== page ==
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The steady invasion of auteur genre films into the Cannes Film Festival steps over the line with Zulu, a French policier distinguished only by Forest Whitaker‘s deeply resonant performance as a detective and its South African setting. Were it not for the star power of Whitaker and Orlando Bloom, one might seriously doubt whether this well-built vehicle would have received the honor of closing le festival. French director Jerome Salle, who made the round-the-world adventure films Largo Winch I and II, uses the scars left by apartheid as a political subtext, but it’s not forefronted enough to keep the film from being, at heart, a violent cops vs. drug dealers shoot-em-up whose ancillary sales are likely to outweigh theatrical outside France.
Although the main story is Whitaker’s as chief detective Ali Sokhela of Capetown’s Serious Violent Crime Unit, an inordinate amount of screen time is devoted to the personal tribulations and violent overreactions of his deputy, Brian Epkeen (Bloom), whose loyalty and bravery are matched by his amorous exploits. Fans will not be disappointed at the generous views of his six-pack abs and tattoos but should be warned that his face has been seriously grunged up, presumably for the sake of realism and coolness. The net result is to shift the film’s focus away from Ali’s story of pain and retribution and toward the much less promising ground of anger management and a cliche-ridden manhunt.
The story opens on a truly terrifying black-and-white flashback to 1978 and a little boy screaming at the sight of his father being burned alive, a human torch. Much later in the film, an even more horrifying continuation of the flashback will reveal Ali’s secret and why he seems unable to consummate his desire for a woman who loves him.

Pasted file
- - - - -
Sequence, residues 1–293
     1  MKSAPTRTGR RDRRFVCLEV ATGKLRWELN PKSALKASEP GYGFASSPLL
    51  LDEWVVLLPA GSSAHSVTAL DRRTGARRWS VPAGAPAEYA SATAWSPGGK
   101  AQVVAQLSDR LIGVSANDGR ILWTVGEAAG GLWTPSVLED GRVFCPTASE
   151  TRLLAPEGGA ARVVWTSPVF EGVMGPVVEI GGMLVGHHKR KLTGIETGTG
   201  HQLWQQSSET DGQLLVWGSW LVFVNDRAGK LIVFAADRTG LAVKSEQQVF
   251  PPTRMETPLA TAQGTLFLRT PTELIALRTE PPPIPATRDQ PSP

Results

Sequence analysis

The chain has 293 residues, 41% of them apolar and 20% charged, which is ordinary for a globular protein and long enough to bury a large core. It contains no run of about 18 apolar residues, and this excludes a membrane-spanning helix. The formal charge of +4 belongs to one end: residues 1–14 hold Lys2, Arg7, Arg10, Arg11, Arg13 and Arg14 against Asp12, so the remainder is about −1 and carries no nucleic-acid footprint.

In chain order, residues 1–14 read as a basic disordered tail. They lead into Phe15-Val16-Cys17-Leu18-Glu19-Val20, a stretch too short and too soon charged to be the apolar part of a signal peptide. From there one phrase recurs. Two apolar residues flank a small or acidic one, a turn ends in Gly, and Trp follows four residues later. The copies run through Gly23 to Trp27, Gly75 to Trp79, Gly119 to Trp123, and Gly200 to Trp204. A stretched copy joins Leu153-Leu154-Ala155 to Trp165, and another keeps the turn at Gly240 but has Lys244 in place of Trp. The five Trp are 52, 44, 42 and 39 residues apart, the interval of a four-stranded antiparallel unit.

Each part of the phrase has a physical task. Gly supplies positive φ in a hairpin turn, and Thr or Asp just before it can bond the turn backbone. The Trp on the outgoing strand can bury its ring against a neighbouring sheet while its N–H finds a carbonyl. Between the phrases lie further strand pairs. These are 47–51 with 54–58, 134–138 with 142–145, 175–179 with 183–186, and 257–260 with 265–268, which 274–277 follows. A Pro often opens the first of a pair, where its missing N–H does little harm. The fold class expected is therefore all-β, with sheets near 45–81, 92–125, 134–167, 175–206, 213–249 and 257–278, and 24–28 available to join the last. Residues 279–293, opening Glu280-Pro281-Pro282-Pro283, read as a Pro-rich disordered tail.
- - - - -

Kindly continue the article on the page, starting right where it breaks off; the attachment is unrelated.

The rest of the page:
Ali’s team includes the tough Brian, who seems perpetually hung over and puzzled about who the woman he wakes up with could be, and the gentle, smiling Dan Fletcher (Conrad Kemp). Together they work on the murder of a rich girl found brutally beaten on the beach. Her death is just the tip of an iceberg that leads them to a sadistic drug ring, evil scientists who escaped punishment after apartheid, and the usual unscrupulous Swiss pharmaceutical company that experiments on both animals and children. The well-paced procedural is interspersed with jarring but exciting chases, shootouts and action scenes, including a highly improbable climax in the desert of Namibia, conveniently reached by all the characters in light aircraft and SUVs.
But surely Salle and his co-writer Julien Rappeneau could have done more with Caryl Ferey‘s novel to bring out the aching sense of lifelong pain that Whitaker exudes every second he’s onscreen. His grave but tender way of relating to his mother and how he protects and esteems his detectives makes him a moral hero, even before he shows his courage under gunfire. With his slow, deliberate South African accent, Whitaker is credible when he quotes Nelson Mandela about turning your enemies into your partners. Although he does his best to make the ending work (involving a sudden, total change of heart and the trashing of all his ideals), its inherent banality delivers a death blow to any viewer expecting narrative redemption in the last reel.
In Brian, Bloom has found a character diametrically opposed to his ethereal elf in Lord of the Rings. He slips into the tough guy role as into a tight leather jacket, one often removed to reveal a muscled masculine torso — no wonder he can’t recognize the women in his bed. He earns sympathy but can’t break out of an overly familiar role.
Denis Rouden‘s cinematography is clear and self-assured throughout but comes into its own in the final desert scenes when the visuals expand in aerial pans over the endless dunes.
Venue: Cannes Film Festival (Out of Competition), May 25, 2013.
Production companies: Eskwad, Pathe, Lobster Tree, M6 Films
Cast: Orlando Bloom, Forest Whitaker, Conrad Kemp, Inge Beckmann, Tinarie Van Wyk-Loots, Regardt Van Den Bergh, Randall Majiet, Patrick Lyster, Joelle Kayembe
Director: Jerome Salle
Screenwriters: Jerome Salle, Julien Rappeneau based on a novel by Caryl Ferey
Producer: Richard Grandpierre
Executive producer: Frederic Doniguian
Co-producers: Eric Viart Loeb, Juli Lotter, Romain Le Grand
Director of photography: Denis Rouden
Production designer: Laurent Ott
Costumes: Rae Donnelly
Editor: Stan Collet
Music: Alexandre Desplat
Sales Agent: Pathe International
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